[Figure: Viewing only transactions in the table]

    Clicking on the View link opens up a detailed view of the transaction. You can see how the transaction affected accounts.

    [Figure: View of the transaction]

    In addition to seeing transactions in the Audit Log, you can also view journal entries in a report. We'll take a look at that right now in the next section.

    Creating a Journal Entry Report

    You can view a report of journal entries by going to Reports and scrolling to the report called Journal in the subsection For My Accountant. You can also just search for Journal from the search bar at the top of the Reports page.

    [Figure: The Journal report]

    You can customize this report to only show journal entries by clicking on the Customize button at the top of the report. This will open a panel where you can set all sorts of options. Click on the Filter section and select Journal Entry to only show journal entries.

    [Figure: Running only journal entries in the report]

    Now that you've seen how to make a report with journal entries, we'll take a look at one more topic related to journal entries, which is importing journal entry files.

    Importing a Journal Entry File

    Being able to import journal entries is an important process because you may have transaction you want to import from other accounting software. Unfortunately, importing journal entry files is a process that isn't fully supported in every region that QuickBooks Online is available in.

    If the process is not available to you, then you can import journal entries through a 3rd party add-on. One such add-on is called Transaction Pro. In this section, however, we will look at using QuickBooks Online's solution to importing journal entries, as it may be more widely available at a later date.

    The file that you import should be a CSV or Excel file. Before importing a journal entry, make sure that you turn off account numbers in your Chart of Accounts. You can turn off account number by clicking on the gear-shaped Settings icon in the Header and choosing Accounts and Settings from the Your Company heading.

    Then, go to the Avanced tab and click the pencil-shaped Edit icon in the Chart of Accounts Section. Make sure the Enable Account Numbers is turned off. Click the Save button when you are done.

    [Figure: Turning off account numbers for the Chart of Accounts]

    Once you've confirmed that account numbers are turned off, make sure that your spreadsheet file is prepared correctly. The file that you are importing should have the following information:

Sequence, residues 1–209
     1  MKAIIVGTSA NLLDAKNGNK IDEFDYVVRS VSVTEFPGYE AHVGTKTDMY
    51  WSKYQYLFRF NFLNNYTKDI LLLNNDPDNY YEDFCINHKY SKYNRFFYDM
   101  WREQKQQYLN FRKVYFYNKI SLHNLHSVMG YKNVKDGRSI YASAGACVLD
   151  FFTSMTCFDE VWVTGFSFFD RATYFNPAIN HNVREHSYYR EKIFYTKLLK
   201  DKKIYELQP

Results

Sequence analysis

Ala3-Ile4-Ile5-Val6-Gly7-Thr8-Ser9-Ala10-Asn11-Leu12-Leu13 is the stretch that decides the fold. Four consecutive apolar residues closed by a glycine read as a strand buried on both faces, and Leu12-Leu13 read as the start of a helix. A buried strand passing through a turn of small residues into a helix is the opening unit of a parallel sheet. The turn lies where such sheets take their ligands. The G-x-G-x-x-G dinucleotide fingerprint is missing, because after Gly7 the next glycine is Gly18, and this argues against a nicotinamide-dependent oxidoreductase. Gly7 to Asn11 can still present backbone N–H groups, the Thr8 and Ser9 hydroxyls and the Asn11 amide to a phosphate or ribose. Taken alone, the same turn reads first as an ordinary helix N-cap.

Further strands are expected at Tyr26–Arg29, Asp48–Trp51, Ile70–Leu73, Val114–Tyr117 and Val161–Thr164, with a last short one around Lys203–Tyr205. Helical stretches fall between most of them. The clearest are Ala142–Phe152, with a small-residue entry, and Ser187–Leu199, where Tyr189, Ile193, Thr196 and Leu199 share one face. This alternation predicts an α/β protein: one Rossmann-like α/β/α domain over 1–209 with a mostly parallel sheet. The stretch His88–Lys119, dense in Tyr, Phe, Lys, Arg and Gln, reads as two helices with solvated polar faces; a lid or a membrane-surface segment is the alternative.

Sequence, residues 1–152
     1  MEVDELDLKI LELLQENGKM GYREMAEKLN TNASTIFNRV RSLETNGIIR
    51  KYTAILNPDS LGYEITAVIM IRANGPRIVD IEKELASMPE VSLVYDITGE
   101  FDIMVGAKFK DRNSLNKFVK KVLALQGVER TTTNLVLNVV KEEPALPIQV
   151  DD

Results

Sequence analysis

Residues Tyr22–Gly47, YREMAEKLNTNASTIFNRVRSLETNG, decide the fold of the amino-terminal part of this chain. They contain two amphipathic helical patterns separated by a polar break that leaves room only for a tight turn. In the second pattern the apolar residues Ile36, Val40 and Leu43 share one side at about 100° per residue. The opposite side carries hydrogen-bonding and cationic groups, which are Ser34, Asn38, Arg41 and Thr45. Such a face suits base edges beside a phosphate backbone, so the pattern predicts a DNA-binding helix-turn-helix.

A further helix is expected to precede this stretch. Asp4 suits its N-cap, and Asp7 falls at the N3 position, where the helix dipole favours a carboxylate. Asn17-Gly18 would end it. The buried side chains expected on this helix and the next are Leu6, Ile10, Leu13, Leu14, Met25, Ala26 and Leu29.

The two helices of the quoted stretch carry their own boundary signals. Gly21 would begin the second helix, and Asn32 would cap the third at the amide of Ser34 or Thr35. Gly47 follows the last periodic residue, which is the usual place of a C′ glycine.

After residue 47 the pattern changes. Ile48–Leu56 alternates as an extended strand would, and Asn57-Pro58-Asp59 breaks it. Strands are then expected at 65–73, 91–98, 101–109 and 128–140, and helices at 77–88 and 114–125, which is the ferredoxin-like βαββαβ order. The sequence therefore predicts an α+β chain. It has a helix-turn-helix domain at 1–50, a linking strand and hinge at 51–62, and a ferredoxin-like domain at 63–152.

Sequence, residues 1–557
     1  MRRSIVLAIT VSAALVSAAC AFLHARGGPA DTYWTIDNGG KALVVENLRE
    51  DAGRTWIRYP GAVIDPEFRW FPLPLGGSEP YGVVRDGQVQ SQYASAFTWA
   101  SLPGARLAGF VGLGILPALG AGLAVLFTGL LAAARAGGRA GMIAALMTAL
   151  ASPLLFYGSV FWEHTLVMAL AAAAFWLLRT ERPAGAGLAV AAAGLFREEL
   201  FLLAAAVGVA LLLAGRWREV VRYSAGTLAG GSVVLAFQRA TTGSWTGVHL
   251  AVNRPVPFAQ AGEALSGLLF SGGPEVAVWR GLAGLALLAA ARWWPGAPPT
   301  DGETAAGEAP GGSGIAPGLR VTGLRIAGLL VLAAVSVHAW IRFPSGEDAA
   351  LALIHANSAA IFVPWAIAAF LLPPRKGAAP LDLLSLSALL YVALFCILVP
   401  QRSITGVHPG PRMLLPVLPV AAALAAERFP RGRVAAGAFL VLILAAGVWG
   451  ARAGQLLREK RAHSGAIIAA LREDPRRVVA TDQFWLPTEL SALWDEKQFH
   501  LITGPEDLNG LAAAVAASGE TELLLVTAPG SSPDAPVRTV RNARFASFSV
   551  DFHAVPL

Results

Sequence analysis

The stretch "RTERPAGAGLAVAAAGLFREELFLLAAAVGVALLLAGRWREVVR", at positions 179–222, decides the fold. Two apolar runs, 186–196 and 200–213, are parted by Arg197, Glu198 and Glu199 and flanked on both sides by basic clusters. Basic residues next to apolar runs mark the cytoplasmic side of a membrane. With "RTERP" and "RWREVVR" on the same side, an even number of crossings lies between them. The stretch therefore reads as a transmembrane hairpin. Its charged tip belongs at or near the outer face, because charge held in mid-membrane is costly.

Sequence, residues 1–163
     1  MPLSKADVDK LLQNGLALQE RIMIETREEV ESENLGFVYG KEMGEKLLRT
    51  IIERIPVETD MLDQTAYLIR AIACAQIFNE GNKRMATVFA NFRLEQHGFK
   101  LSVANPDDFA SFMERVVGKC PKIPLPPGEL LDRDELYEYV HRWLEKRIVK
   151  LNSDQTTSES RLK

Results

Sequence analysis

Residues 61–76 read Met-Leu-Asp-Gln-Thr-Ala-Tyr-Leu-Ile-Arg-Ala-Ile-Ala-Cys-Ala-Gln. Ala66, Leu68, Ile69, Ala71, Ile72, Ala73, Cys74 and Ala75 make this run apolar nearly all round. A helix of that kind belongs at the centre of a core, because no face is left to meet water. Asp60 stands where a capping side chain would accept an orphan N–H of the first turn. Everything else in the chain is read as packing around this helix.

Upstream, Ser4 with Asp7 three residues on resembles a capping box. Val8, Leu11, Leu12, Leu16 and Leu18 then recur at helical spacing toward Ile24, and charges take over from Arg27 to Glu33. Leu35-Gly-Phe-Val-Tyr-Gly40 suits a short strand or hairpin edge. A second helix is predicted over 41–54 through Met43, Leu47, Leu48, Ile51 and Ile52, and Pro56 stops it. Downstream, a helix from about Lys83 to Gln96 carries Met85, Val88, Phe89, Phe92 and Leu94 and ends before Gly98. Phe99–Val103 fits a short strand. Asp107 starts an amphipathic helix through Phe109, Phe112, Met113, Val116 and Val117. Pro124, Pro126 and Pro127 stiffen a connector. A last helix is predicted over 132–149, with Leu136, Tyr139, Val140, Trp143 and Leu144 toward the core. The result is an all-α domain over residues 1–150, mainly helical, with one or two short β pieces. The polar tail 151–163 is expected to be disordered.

• Journal number
  • Journal code
  • Account Name
  • Debits
  • Credits
  • Select date format

    Furthermore, check that you have every account mentioned in the file added to your Chart of Accounts already.

    If you don't have the account already, you can create it from the Chart of Accounts. You can do this by getting to the Chart of Accounts by clicking on Accounts in the left-side Navigation Pane. Once there, click on the New button at the Chart of Accounts.

    Choose the Type and Detail Type for the account, and make sure that the Name is the same as in the file.

    Once you have everything set up to import, you can start importing by clicking on the gear-shaped Settings icon in the Header. From there, choose Import Data under the Tools heading.

    From the Import Data screen, choose Journal Entries. On the next page, click Browse to find and select your CSV or Excel file. Select Open and then click Next.

    Then, you will need to map your information. This involves matching the fields with the headers on the spreadsheet. Once everything is matched, click Next and then Start Import.

    When you are done, you can use the Search function to search for the transactions. Click on the magnifying glass icon in the Header to pop up a search window. At the bottom of the search window, select Advanced Search. On the advanced search, you can limit your results to journal entries by selecting Journal Entries from the first dropdown menu.

    You should see your imported journal entries here if everything imported correctly.


    In this article, we learned all about journal entries. You learned what they are used for and how to add, reverse, and delete them. You also saw how to run reports on them and import them from files.